Importance of standards in nursing. It is an authoritative statement by which the quality of nursing practice, service and education can be judged. In nursing practice, standards are established criteria for the practice of nursing. It is a guideline and a guideline far is a recommended path to safe conduct an aid to professional performance.

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It provides a baseline for evaluating quality of nursing care, increase effectiveness of care and improve efficiency Standards help supervisors to guide nursing staff to improve performances. Standards may help to clarify nurses’ area of accountability. Standards may help nursing to clearly define different levels of care. Standards is a device for quality assurance as quality control

Purposes of standards.:

Purposes of standards. Improve the quality of nursing. Decrease the cost of nursing. Determine the nursing negligence

Characteristics of standards.:

Characteristics of standards. Statement must be broad enough to apply a wide variety of settings Must be realistic, acceptable and attainable. Nursing care must be developed by members of the nursing profession. Must be understandable and stated in unambiguous term. Must be based on current knowledge and scientific practice. Must be reviewed and revised periodically. Must be directed to wards on optional standard

Sources of nursing care standards.:

Sources of nursing care standards. Professional organization like TNAI, INC. Licensing bodies like State Nursing Registration Council Departments of the institution Patient care unit Government unit at national, state and local government unit. Individual personal standard.

Classification of standards.:

Classification of standards. Physical standards Cost standards Capital standards Revenue standards Programme standards Intangible standards Goal standards Strategies standards

Nursing care standards:

Nursing care standards End standards. Mean standards. According to frame of references, relating to nursing structure, process & outcome. Structure standards Process standards Outcome standards

Quality improvement in public health institutions.:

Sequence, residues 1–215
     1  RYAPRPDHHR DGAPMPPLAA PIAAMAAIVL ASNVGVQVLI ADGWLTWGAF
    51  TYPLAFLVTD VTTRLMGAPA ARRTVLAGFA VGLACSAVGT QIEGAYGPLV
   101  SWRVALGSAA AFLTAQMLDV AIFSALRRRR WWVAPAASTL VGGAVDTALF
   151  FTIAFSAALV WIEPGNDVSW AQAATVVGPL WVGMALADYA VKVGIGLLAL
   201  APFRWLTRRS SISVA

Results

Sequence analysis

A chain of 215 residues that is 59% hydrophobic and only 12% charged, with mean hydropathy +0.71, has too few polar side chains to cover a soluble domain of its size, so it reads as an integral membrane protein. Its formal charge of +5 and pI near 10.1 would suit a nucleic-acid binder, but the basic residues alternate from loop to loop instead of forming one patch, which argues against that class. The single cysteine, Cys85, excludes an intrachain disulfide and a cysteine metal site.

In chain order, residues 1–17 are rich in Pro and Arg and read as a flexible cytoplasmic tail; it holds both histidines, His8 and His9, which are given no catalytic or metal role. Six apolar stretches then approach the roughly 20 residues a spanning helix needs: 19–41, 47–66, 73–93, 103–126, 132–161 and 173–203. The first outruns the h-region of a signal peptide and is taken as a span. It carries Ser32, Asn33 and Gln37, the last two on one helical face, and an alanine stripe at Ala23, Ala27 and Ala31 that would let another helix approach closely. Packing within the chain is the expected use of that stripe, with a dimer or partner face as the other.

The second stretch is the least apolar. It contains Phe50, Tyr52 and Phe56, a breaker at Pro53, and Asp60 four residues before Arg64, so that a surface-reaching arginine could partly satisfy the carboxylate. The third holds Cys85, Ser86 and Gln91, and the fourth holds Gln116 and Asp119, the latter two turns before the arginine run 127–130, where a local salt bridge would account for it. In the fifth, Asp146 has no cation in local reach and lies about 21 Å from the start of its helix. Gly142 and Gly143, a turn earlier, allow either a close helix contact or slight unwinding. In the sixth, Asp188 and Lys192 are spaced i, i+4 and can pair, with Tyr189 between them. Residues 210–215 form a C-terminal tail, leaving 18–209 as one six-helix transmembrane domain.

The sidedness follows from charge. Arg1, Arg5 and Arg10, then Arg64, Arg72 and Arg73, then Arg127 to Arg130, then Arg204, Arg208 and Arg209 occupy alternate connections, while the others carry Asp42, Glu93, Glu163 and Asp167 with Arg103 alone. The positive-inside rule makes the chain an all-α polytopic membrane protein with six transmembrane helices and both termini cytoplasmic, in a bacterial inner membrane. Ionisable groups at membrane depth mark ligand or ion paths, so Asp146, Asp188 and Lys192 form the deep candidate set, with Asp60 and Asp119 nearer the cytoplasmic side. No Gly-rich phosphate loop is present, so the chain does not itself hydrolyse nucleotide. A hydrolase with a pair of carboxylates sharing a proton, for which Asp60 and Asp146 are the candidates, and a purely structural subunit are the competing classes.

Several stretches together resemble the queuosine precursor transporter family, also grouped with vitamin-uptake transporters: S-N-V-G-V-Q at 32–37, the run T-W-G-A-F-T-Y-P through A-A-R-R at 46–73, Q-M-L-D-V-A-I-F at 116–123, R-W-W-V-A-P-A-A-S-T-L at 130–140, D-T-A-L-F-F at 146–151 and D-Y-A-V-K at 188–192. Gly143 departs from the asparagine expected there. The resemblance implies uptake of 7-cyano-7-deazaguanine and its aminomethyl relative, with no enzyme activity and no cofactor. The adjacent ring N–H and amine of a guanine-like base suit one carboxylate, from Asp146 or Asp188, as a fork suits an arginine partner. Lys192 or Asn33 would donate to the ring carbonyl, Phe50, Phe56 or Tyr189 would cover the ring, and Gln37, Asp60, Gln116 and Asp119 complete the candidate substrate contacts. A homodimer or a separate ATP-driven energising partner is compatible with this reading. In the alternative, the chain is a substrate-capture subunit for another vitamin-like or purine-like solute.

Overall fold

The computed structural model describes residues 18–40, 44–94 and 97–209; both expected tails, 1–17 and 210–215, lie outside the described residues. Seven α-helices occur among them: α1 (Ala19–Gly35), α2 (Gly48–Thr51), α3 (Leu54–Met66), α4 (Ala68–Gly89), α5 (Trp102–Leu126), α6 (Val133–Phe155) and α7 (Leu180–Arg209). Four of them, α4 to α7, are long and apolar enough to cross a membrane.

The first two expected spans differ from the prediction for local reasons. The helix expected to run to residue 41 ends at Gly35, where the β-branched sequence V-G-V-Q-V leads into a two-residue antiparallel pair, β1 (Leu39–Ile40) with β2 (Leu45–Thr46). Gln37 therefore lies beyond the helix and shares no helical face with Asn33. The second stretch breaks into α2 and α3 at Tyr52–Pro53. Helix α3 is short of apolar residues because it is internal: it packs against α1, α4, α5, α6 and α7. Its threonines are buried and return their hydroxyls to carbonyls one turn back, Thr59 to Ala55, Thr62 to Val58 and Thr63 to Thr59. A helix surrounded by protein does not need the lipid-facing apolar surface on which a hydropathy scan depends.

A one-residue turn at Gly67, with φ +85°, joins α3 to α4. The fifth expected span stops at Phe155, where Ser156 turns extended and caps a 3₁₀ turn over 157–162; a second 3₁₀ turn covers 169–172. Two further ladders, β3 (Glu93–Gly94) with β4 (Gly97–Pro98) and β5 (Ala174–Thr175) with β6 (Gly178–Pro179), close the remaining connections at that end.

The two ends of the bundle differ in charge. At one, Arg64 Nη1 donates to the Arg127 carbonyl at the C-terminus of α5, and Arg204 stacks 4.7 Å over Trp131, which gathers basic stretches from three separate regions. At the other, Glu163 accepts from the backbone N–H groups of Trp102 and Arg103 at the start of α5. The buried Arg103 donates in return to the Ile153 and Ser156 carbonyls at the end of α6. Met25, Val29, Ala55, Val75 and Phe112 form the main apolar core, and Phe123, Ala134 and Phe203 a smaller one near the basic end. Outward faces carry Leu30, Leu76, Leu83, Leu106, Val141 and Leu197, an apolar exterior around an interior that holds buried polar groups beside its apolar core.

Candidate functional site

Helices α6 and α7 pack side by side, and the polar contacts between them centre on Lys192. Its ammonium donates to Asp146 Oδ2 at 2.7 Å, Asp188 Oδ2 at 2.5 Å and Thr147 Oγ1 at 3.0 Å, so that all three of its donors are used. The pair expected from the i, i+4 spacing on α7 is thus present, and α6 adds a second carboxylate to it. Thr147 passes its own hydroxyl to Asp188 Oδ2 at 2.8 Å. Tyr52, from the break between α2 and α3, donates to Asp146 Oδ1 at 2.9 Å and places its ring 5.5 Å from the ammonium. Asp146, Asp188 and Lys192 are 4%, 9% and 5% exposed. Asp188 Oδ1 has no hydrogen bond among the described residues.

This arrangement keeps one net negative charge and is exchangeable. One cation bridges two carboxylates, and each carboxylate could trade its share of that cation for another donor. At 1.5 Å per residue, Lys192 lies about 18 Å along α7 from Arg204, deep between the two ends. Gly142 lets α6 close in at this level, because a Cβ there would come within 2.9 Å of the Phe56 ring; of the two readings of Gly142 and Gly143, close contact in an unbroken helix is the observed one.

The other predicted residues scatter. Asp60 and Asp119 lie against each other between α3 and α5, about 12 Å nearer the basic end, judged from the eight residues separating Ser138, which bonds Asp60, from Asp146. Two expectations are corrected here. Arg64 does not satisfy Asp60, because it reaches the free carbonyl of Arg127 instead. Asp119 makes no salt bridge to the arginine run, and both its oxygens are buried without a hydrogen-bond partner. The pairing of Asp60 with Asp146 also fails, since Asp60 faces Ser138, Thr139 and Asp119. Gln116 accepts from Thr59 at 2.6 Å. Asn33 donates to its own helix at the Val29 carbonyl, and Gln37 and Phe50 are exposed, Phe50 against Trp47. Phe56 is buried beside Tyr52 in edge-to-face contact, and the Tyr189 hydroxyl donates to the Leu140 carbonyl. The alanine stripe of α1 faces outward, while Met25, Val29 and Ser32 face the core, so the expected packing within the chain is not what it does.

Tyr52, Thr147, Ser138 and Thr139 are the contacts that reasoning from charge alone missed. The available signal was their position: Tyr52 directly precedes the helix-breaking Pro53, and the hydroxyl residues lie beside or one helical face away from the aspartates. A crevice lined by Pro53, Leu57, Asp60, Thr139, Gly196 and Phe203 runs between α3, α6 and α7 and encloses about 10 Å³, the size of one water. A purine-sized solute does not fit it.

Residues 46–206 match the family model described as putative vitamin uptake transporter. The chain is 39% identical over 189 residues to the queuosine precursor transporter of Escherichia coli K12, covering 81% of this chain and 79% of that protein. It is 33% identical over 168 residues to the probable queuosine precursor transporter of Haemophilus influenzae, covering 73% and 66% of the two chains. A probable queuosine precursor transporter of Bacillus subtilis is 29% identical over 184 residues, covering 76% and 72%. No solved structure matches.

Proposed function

Quality improvement in public health institutions. Definition: An institutions, offering wide range of services to meet the needs of those who need the service most through their full participation, with least health risks, in the area of the vicinity of it, having integrated with desired set of elements, within limits and norms & goals set by the federal state.

Elements of TQM:

Elements of TQM Quality planning. Quality assurance. Quality circles. Quality control. Quality surveillance.

Quality circle.:

Quality circle. A small voluntary group of people from the same work area who meet together on a regular basis for the purpose of identifying, selecting, analyzing, and solving quality, productivity, cost reduction, safety, customer services, & other work related problems in their work area, leading to the improvement in their work effectiveness and enrichment of their work life.

Structure of QC:

Structure of QC

Structure of QC in public health:

Structure of QC in public health GENUINE DEMAND FOR IMPROVING QUALITY At state level Steering committee At Dist. Level at D.H.O At PHC/CHC/ HOSP.LEVEL At village or community level QCC QCC QCC QCC

Nursing audit:

Nursing audit Definition; “Assessment of quality of clinical nursing”. (Elicson ). “Exercise to find out whether good nursing practices are followed”. (Gooter Walfer). “Method of evaluating quality of care through appraisal of nursing process as it is reflected in the patient care records for discharged patients”. (Phaneuf )

Purposes of nursing audit:

Purposes of nursing audit Necessitating adequate documentation of nursing care provided to the client through the entire nursing process. Directing attention to the design and utility of the charting record. Encouraging the use of the problem oriented nursing system. Supporting and becoming an integral part of nursing by objective program. Facilitating the co-operative planning and delivery of client care by physicians and nursing service employees.

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Increasing the priority for a results oriented performance evaluation program for nursing service employees. Enriching and providing direction to in service education effects. Providing a specific management technique in carrying out evaluation and control function. Identifying ways to improve patient care. Providing a meaningful ways for nursing staff members to participate and achieve career growth.

Concepts of nursing audit.:

Concepts of nursing audit. Debit-all negative activities. Debit items. Death of the client that can be prevented. Complications of diseases leading to morbidity. Hospital infection. Errors in treatment. Absence of total client care. Lack of application of nursing process.

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Credit – positive activities. Credit items. Number of recovered patients. Shortens stay in the hospital. Expansion of health knowledge in client population. Regular follow up in community. Measures to improve public image. Research as need for problem oriented care approach.

Types of auditors.:

Types of auditors. Internal auditors – nursing experts as specialists in the hospital appointed by the hospital management. External auditors – experts from the external statutory agencies like TNAI, INC etc.

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Thank You

Organization of nursing audit:

Organization of nursing audit The increasing cost of the care. The need to improve the quality of care. The need for the proof of the quality of care actually delivered, proof for the –a) Nurse. b) Agency. c) Client.